Someone I know who is a promoter of a meateater’s diet would always comment on my vegan/vegetarian diet by saying that he once knew someone who was vegetarian but she still got cancer. Well, the only thing I can say to that is that there are vegetarians who abstain from eating all animal products but still eat junk food and avoid a well-balanced diet. Just as there are healthy-minded meateaters and un-healthy-minded meateaters.
If you’re a vegan (for instance) and all you eat are potato chips and coke (which technically would be a vegan diet) then one isn’t taking full advantage of being a health-conscious vegan who really eats a wide variety of foods (fruits & vegetables, nuts, seeds, whole grains, etc). You could also say you’re a vegan even though all you eat is peanut butter and strawberry jam on white bread! But because it isn’t a balanced and varied diet, it isn’t healthy.
So it’s the same principle actually, that logically there would be healthy meateaters and unhealthy meateaters, diet-wise, just as there would be junk-food junkie vegans and health-nut vegans.
Well, this one meateater basically eats pizza, meatloaf, and spaghetti, shunning all fruits and vegetables and professes to be a meat and potatoes kind-of-guy. Okay, that’s cool and I respect other people’s beliefs and opinions in regards to food.
I actually also heard this from a doctor: That food and nutrition don’t play all that much of a role in whether one will get cancer or not.
But most dieticians stress a diet of moderation, YET, they will emphasize that we eat wholesome, nutritious foods and get plenty of exercise in order to maintain our health.
Okay, here’s an interesting PDF, which offers guidelines for healthy and nutritious eating, from the American Dietetic Association:
Here’s what they say about vegetarian diets (to dispel all the meateaters out there)….
Vegetarians of all types can achieve recommended nutrient intakes through careful selection of foods. These individuals should give special attention to their intakes of protein, iron, and vitamin B12, as well as calcium and vitamin D if avoiding milk products. In addition, vegetarians could select only nuts, seeds, and legumes from the meat and beans group, or they could include eggs if so desired.
At the 2,000 calorie level, they could choose about 1.5 ounces of nuts and 2/3 cup legumes instead of 5.5 ounces of meat, poultry, and/or fish. One egg, 1/2 ounce of nuts, or 1/4 cup of legumes is considered equivalent to 1 ounce of meat, poultry, or fish in the USDA Food Guide.
What is health?
To me, optimum health is the absence of sickness and disease (dis-ease) and a feeling of overall happiness, peace and emitting a glow of radiance that would make one look and feel healthy. And also having the ability to function (mentally, physically and spiritually) at an optimum level.
In other words, one has to look and feel healthy and vibrant.
And this is my own personal goal, as I forge ahead and work at being a healthy individual at my age. And I believe it IS work. One has to work at it… one has to work at anything in order to reap the rewards, no?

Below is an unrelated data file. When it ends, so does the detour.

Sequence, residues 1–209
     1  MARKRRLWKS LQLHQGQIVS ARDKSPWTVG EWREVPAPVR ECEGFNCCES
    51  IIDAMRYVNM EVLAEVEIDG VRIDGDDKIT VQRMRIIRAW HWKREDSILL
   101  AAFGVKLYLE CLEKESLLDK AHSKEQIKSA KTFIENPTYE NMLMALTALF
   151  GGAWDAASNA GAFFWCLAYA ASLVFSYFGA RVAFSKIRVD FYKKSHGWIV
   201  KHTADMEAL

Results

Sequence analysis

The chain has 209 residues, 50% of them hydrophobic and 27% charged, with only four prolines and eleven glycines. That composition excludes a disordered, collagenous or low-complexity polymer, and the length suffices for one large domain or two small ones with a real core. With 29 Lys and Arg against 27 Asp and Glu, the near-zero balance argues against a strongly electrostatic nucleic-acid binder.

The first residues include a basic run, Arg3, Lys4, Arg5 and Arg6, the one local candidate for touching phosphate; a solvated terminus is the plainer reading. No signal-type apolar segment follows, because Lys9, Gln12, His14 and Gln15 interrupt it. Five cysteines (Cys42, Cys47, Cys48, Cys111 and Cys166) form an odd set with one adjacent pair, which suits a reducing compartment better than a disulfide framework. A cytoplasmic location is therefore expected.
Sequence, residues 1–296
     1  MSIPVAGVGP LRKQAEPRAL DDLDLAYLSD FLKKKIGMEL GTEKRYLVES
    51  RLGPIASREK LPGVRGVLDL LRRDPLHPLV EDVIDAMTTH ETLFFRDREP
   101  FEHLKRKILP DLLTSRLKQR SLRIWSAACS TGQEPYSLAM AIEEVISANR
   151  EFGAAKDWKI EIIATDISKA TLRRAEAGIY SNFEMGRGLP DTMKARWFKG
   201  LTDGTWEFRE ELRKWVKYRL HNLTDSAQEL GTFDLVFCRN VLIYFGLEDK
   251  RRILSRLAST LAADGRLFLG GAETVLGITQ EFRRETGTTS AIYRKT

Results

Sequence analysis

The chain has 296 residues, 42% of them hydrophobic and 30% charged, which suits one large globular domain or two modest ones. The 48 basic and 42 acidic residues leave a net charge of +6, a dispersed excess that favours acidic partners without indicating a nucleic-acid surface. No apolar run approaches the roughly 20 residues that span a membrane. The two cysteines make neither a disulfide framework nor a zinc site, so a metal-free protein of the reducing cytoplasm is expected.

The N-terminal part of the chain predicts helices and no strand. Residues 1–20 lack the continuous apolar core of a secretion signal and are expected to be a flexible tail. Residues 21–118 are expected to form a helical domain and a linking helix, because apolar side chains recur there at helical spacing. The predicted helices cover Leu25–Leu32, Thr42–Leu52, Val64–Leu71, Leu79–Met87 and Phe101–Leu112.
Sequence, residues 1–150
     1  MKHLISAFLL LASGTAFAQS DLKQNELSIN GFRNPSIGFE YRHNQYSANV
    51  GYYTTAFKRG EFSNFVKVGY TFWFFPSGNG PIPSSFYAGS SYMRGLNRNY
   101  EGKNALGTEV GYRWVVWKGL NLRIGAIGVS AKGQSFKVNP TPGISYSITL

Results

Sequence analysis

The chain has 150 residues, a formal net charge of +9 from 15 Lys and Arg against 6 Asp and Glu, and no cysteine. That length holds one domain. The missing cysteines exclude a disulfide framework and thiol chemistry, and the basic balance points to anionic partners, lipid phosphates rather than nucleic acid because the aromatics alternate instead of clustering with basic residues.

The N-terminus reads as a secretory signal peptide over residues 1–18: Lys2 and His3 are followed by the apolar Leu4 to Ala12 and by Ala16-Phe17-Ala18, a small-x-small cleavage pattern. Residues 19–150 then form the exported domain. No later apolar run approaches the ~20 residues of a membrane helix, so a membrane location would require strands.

I recently read an online interview with Jack LaLanne. He’s the guy most fitness experts consider the Godfather of Fitness, and he shows it at age 93. This is an interesting read and lots of revelations in regards to his journey of healthy eating and fitness.
He was initially a strict vegetarian who got caught up in all the hype about meat being the main source of protein for athletes and switched to eating meat for awhile. This meateating trend for him was shortlived, and he says that he, for the most part, has eaten a vegetarian diet with the addition of fish and egg whites for protein. And he shuns all dairy products because of the cholesterol and saturated animal fats.
Ever since I did my Master Cleanse fast a few weeks ago, I have since followed a strict vegetarian diet consisting of fresh (mostly organic) fruits and vegetables, nuts, seeds and whole grains (sprouted). And there is no animal products whatsoever in my diet now.
As some of you readers know from recent entries, I had gone off the primarily raw vegan lifestyle, and went back to my usual meateating ways for much of 2007. And I’ve come to the conclusion that I should really stick to the mostly raw vegan diet. For one, the energy levels are obvious with the raw vegan diet, and the feeling of lightness is also readily apparent. My main problem with sticking to a raw vegan diet is mainly psychological because I’m constantly bombarded by friends and relatives who tell me that the raw vegan diet is wrong and that I should eat everything else they eat (the hamburgers, fries, pizzas, steaks, omelettes,etc) in order to be healthy.
But, having experienced difficulties in going back to a regular Standard American diet, suffering from chronic constipation, feeling lethargic most of the time, AND having gained a considerable amount of weight, I guess it took getting back to the old diet to realize that it really wasn’t the right way to eat.
So, here I am on my journey back to healthy eating.
I’m feeling excellent so far, I’m “regular” no doubt, and have more energy to exercise and do yoga again. Yes, along with yoga and meditation, I’m feeling pretty good. And being in optimum health, I believe, is incredibly hard work and takes some discipline, but the rewards are there once optimum health is achieved and maintained.
I’m beginning to realize that you can have everything in the world, but if you lose your health, you just can’t appreciate and experience those wonderful things in the world to its fullest.
Well, enough talk about healthy eating… here’s to everyone’s health! May everyone live healthy, long and prosperous lives.